Posts tagged StarCraft II
All of you gaming folks who read probably have heard about the short-lived life of a mod to Starcraft II that basically created what could have been Blizzard’s next MMO, fixing the game to make it look like what World of Starcraft could have been. Sadly, this wasn’t quite as long lived as the in-progress youtube video was asked to be taken down by Activision. The full story of the World of Starcraft’s rise and fall can be read in detail if you so choose, though you might want to check out the explanation from the author on the whole affair.
Even though Blizzard is ultimately letting development for the mod continue, it was probably a bit scary at the time for the author of the mod to have to have a speaking dialog with the lawyers over there. And regardless of whether or not the mod development continues, it can never really carry the name World of Starcraft due to existing copyright claims. In essence, what it is right now is dead in the water, and what will come will ultimately have to be tweaked to avoid some sketchy intellectual property and trademarks issues.
That being said, there’s always a silver lining to the dark cloud, as I like to think, and this situation is no different. While the whole experience was certainly harrowing and sleep-depriving, the author of the mod appears to have garnered a bit of support and exposure in the development community. The most obvious of these is an actual potential job opportunity with Riot Games, makers of League of Legends, but beyond that, whenever someone has a work that either everyone takes advantage of or has been created with a bit of inventiveness, it gets seen and noticed. No matter where the author lands job-wise, the fact that an offer was even made suggests that for all the would-be yet unknown modders and developers out there, there is some hope that they might find a way into an admittedly difficult industry to get into.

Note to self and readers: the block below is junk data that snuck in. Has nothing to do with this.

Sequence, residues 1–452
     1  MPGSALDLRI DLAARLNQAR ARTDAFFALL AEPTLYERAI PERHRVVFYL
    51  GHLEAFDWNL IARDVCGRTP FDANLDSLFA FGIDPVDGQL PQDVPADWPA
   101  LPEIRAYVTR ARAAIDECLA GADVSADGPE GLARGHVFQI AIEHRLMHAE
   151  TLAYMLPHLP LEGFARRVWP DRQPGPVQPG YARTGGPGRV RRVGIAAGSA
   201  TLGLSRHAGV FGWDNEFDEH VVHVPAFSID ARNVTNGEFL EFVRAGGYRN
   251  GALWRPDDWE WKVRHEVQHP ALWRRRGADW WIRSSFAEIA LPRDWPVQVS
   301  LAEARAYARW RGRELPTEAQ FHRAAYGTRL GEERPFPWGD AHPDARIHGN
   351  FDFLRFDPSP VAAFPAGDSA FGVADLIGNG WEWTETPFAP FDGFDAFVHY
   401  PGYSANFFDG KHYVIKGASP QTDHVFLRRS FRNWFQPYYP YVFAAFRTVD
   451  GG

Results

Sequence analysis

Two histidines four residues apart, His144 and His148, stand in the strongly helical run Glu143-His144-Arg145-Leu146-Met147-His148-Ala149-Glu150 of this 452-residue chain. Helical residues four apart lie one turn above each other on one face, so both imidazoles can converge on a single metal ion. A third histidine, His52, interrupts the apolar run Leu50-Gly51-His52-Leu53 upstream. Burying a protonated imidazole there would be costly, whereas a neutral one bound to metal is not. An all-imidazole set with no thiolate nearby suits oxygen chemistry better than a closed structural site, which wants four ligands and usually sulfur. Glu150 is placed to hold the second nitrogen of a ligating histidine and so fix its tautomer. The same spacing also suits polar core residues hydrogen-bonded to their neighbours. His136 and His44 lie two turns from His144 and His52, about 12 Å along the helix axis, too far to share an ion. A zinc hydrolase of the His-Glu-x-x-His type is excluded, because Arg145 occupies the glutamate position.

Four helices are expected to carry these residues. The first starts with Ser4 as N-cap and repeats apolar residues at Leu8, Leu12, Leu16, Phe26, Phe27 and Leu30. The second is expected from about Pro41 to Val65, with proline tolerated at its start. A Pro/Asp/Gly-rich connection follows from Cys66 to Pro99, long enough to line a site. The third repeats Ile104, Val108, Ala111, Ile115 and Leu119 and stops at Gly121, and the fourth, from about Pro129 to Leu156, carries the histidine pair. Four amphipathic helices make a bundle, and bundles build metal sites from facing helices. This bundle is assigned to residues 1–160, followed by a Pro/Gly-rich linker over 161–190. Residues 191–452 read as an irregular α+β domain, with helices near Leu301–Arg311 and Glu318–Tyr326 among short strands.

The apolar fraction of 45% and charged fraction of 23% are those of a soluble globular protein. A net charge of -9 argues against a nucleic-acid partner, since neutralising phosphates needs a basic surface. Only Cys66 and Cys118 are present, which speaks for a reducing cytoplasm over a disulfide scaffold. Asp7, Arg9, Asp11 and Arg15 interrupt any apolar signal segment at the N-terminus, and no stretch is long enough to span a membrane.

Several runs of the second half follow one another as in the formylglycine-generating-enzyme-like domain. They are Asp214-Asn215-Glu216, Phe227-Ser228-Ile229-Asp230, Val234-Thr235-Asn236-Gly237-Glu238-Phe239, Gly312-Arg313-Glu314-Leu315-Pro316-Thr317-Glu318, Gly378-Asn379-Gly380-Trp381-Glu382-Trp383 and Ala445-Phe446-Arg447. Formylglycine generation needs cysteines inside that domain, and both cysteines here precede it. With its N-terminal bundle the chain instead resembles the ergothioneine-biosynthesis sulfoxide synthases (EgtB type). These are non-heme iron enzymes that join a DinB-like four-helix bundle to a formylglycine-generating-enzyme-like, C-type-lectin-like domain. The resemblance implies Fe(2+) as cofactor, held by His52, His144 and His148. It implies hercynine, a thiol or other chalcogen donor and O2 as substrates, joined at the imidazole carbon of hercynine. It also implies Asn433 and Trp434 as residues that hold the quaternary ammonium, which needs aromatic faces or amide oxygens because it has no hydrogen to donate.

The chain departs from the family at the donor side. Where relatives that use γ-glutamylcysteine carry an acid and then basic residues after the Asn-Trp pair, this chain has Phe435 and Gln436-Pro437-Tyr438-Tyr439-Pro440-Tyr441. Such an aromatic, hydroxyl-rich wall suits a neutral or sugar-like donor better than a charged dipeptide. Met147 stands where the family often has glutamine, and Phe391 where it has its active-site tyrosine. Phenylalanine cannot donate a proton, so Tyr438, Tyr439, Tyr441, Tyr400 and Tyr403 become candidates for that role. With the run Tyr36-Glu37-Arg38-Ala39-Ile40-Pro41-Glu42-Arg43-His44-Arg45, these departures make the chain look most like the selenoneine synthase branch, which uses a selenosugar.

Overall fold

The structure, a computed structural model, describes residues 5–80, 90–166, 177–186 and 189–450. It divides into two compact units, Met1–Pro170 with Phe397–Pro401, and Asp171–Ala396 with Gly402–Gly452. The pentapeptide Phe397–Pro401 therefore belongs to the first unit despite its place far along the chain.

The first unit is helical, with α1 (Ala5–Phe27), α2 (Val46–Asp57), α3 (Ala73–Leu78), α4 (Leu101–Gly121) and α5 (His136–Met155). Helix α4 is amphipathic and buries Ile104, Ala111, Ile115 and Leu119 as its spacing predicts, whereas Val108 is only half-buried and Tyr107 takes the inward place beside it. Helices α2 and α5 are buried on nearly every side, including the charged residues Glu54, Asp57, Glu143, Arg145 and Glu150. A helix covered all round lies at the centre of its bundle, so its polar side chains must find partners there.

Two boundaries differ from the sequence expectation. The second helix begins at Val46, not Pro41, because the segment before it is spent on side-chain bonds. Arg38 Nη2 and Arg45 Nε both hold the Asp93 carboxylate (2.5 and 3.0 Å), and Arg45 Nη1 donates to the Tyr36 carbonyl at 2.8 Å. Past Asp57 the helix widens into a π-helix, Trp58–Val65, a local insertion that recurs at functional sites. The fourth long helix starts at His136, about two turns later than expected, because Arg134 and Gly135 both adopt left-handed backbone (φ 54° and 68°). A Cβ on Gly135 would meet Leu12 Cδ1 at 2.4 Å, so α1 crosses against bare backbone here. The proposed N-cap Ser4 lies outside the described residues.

And there’s also the grassroots support through social media, opinion articles and thoughts, and commenters as well. Much like the man with the golden voice, the person who envisioned what could have been an interesting take on a Starcraft MMO has enjoyed a near-overnight rise to fame and opportunity like he never thought was possible. It’s not quite on the same level as being homeless, but it is on par in terms of the suddenness with which it happened. What is done with this is ultimately his choice, but having the choice to begin with is a blessing in and of itself.
I’m obviously not saying making a mod or something close to copyright violation is the way to fame and fortune, of course – but I think it’s safe to say that even the rare kind of brush with what could have been a bad situation has an opportunity behind it. I wish the author of the mod all the best no matter where he ends up or what he ends up doing, and look forward to hearing about good things from him.